Sergey Brin and Larry Page are both passionate entrepreneurs and engineers, pushing projects they believe in, with wholehearted gusto. With Larry replacing Eric Schmidt as the CEO, he’s been pushing certain areas of growth. Given Larry’s history, many are expecting him to achieve the impossible, like the Google Books project, which was his personal goal for years.
Larry (and Google’s) ongoing passion is social networking. And he’s going at it Larry Page style, with tremendous zeal. Page is said to have sent a confidential memo to all those involved, that 25% of their annual bonus will depend on how their 2011 Social Networking strategy performs. This does not absolve other employees, as they have been asked to chip-in by pushing their social networking platforms among friends and family. Most employees, whether directly involved or not, have been asked to test and get feedback on these platforms.
The Zuckerberg Effect
Google has repeatedly said that Facebook is not their competition, despite the fact that most of Facebook’s important employees have been poached from Google. Could Zuckerberg be sending shivers down Google’s spine? Well, from the frenzy of social networking tests and activities in the Google office, it certainly seems so.
Google didn’t exactly miss the bus on social networking. They tried to buy Friendster but when they failed to do so, they encouraged their employees to work in this area. As part of the famed 20% independent project time, where Google engineers work on their pet projects that’s not part of their main work, Turkish engineer, Orkut Büyükkökten, created Orkut.
In fact, Google launched Orkut a month before Facebook, and in a much bigger way, while Mark had just got ‘The Facebook’ going from his dormitory. Losing the top social networking spot is now proving to be more than just an ego dent for Google, as Facebook has become a part of people’s everyday lives and is raking in millions of dollars.
Turns out, Google’s future success could depend, not on its search engine or email, but on social networking. Sounds a bit farfetched? Well, Google doesn’t think so.
The Google Ship
Outwardly, Google’s Ex-CEO, now Executive Chairman, Eric Schmidt, simply changed the conversation when Facebook was mentioned, by saying that the search engine Bing is a bigger threat. But those on the inside say that the truth is a bit different.
It is rumoured that in 2010, senior vice president of operations, Urs Hölzle, sent out an email to many of the employees about something he called, ‘Project Emerald’. The memo basically communicated approaching social networking with a sense of urgency and importance.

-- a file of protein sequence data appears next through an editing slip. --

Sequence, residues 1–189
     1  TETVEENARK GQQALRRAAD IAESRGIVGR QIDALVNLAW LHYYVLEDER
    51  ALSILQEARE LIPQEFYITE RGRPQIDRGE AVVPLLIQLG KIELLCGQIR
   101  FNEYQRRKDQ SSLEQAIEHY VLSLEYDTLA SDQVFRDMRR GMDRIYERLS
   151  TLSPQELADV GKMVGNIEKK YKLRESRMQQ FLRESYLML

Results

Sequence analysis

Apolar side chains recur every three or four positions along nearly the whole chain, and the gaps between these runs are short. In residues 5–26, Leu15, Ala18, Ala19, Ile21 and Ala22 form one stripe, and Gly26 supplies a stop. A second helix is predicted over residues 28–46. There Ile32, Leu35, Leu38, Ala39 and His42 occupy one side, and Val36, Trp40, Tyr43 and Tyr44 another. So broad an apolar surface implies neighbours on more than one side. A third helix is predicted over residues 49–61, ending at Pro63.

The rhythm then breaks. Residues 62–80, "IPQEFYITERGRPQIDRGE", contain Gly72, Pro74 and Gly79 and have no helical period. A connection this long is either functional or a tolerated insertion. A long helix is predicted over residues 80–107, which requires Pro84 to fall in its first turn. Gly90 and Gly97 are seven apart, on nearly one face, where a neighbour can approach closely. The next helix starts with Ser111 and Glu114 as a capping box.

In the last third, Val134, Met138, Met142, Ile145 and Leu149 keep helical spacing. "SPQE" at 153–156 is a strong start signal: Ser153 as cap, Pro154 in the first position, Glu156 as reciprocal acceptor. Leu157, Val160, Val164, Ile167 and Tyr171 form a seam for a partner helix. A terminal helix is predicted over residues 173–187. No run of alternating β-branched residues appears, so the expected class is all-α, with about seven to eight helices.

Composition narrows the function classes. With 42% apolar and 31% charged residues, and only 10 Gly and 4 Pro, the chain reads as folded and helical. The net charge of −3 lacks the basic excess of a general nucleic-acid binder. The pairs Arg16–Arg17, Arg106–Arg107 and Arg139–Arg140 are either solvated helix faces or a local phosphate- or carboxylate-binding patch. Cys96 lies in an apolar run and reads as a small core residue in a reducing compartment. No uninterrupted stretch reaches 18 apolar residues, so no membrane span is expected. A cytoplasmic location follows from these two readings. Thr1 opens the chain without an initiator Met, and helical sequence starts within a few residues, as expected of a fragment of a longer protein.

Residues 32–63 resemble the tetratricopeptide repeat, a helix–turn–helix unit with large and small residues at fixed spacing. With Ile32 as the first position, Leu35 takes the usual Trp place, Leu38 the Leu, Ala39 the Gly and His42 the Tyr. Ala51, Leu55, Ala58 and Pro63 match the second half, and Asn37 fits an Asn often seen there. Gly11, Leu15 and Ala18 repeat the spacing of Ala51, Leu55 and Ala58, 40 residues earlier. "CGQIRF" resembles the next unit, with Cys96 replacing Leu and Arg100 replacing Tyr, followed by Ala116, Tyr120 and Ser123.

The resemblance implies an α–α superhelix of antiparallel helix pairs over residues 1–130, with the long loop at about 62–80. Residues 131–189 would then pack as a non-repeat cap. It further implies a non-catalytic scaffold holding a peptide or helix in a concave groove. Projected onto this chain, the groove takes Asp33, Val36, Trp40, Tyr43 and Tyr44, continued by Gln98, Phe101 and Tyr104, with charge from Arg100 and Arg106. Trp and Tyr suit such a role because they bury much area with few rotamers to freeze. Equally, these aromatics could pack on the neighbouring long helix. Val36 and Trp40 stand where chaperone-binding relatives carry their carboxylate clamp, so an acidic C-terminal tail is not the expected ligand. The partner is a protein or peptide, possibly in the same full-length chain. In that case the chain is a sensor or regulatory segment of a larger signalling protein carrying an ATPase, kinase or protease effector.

To demonstrate this visually, Project Emerald Sea had a ship being knocked over by waves, with the ship representing Google and the waves, presumably, social networking.
Despite what it claims, this is how important Google considers its social networking strategy for 2011.
Project Emerald developed into Google’s latest ‘social search service’ called +1 that was launched on April 6th this year. What +1 does is help users rank search pages and lets the members in their circle view these rankings, a Google profile, is required to become a user, contacts could be built through Gmail and other Google services. ‘The Social Circle and Content’ tab will help users view the results of friends and family, get recommendations and so on. While this definitely brings in a social element in Search, is it anything like Social Networking?
Critics are not very impressed, as they see nothing new here. Some have said, rather scathingly, that Google +1 has minuses!
Minus Social Strategy
Undoubtedly, Google does not lack the technical prowess needed to create a brilliant social networking platform. Just look at the astounding number of technical battles it has won, from bringing the daily news from the whole world on one web page through Google News to scanning most of the world’s books through Google Books, or turning internet TV on its head with YouTube, but it’s Achilles Heel is turning out to be Social Networking.
Experts believe the reason for Google’s failure to launch, in a manner of speaking in this sphere, is due to massive strategic missteps. Unlike its other projects, when it comes to social networking, Google has been inline but not really ahead of time. Although, it has shown tremendous faith in the area by fuelling internal projects and acquiring social platforms like Social Deck and Angstrom.
Increasingly, readers are discovering new pages through links spread on social networks, it would be hard to say how these Networks can replace Google’s major driver – the search engine. But Google has always been ahead of it’s time and given that it considers Social Networking to be such a big competition, it is possible, that in some way, these networks could make stand-alone Search obsolete.
Steven Levy, one of the most respected technology writers and the senior writer at Wired, has spent the last three years studying Google and its strategy, during this time, Google has been constantly conceptualizing and changing its social strategy. Steven has called Google’s approach to social networking, ‘a comedy of errors’.
Although, there’s nothing comical in this for users, who have always benefited from Google’s projects, be it blogging, search, map, news or reader. And it’s really hard to root for the underdog here, Facebook, given Zuckerberg’s popular perception. Isn’t it?